Skip to main content

Omaha Magazine

Singing a Happy Tune

Nov 11, 2015 09:33AM ● By Elizabeth Mack
Jingle writers have done their job if they create an earworm—a song so catchy it sticks in your head and won’t leave. “When I tell people I work at Controlled Comfort, they immediately start singing the jingle,” says Alan Hove, who, along with co-owners Leo Costanzo and Anne Taylor, purchased Controlled Comfort in 2004. “It’s the best form of advertising we could ever hope for.”

Most people in the Omaha metro area are familiar with that animated female voice belting out, “Controlled Comfort–Keep it Under Controooooool!” Many locals probably would not guess the company’s logo (an angel), but could at least hum a few bars of the jingle. Whether a catchy tune is annoying or enjoyable is a matter of opinion, but once that musical worm has worked its way into your psyche, you are forced to remember the product, which is exactly what advertisers hope for.

When companies change ownership, one major decision is whether or not to maintain the same brand image, and the current owners of Controlled Comfort knew they wanted things to stay pretty much the same when they took ownership.

“We love our jingle!” says Taylor. “When we purchased the company, we knew we wanted to maintain the image and keep the logo and jingle. We couldn’t ask for a better form of advertising.”

Research shows that music increases recall, and simple melodies with simple lyrics stick with a consumer not only for the short term, but often the long-term. Remember, “I Wish I Were an Oscar Meyer Weiner?” Even if it has been years since you have actually heard it, chances are you can still sing the entire song. Controlled Comfort’s brand may not be as huge as Oscar Meyer’s, but their jingle has stood the test of time, being sung on local radio and TV for nearly 20 years with no end in sight.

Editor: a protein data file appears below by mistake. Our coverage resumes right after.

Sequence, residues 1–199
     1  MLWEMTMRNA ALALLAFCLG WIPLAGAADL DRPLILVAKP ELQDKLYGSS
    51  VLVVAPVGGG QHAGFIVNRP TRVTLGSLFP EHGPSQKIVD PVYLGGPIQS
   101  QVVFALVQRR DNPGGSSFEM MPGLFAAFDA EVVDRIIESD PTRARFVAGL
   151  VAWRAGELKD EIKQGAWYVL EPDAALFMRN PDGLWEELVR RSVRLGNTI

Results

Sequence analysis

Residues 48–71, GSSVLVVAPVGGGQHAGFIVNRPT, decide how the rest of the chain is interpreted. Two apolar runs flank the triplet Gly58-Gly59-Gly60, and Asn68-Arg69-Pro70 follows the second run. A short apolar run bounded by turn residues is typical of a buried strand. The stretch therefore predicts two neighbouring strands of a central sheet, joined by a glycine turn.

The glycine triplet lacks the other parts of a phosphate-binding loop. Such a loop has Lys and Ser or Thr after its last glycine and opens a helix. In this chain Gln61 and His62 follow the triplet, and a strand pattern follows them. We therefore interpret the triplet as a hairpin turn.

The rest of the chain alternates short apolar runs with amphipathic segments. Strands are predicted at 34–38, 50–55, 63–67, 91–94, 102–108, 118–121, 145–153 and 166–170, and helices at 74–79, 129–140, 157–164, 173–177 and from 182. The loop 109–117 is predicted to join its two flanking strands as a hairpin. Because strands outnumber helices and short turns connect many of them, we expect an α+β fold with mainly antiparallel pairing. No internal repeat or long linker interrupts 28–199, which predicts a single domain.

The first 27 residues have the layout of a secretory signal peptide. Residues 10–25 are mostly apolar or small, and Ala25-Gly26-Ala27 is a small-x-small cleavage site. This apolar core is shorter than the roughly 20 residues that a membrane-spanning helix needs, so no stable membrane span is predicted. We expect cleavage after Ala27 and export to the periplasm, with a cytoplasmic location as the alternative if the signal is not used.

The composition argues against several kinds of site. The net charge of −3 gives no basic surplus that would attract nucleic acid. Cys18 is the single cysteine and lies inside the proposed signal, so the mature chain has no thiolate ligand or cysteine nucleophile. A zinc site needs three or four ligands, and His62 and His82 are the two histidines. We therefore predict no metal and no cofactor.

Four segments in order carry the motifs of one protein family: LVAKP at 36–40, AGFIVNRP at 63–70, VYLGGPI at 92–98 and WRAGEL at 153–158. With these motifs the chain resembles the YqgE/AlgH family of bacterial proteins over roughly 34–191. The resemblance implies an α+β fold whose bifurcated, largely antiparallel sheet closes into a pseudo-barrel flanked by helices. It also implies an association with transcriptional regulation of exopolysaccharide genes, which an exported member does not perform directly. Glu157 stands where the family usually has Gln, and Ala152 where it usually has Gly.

Taylor recounts how, in the mid-1990s, local musician Johnny Ray Gomez produced the jingle for a radio spot.

“The previous owners purchased a year of radio advertising and it came with a jingle,” Taylor says.

At the time they had no idea they did not retain exclusive rights to the melody.

“I just recently heard the song while I was traveling in western Nebraska. It was quite a shock!” she adds with a laugh.

Branding is all about creating an image of a business that will stick in a customer’s mind. Though most businesses rely on visual advertising to create their brand, jingles can be an additional way to increase awareness and create staying power. People often remember a catchy tune. Throw the company name and their phone number in the jingle lyrics, and customers may not even need to look up the contact information.

“If I forget the phone number, I just sing the jingle,” says one local customer.

Though original jingles declined in recent years as more large companies turn to popular songs for their advertising, a few local companies still spend at least some marketing dollars on jingles. Whether you think it annoying or catchy, a jingle may be your best advertising investment.


Evvnt Calendar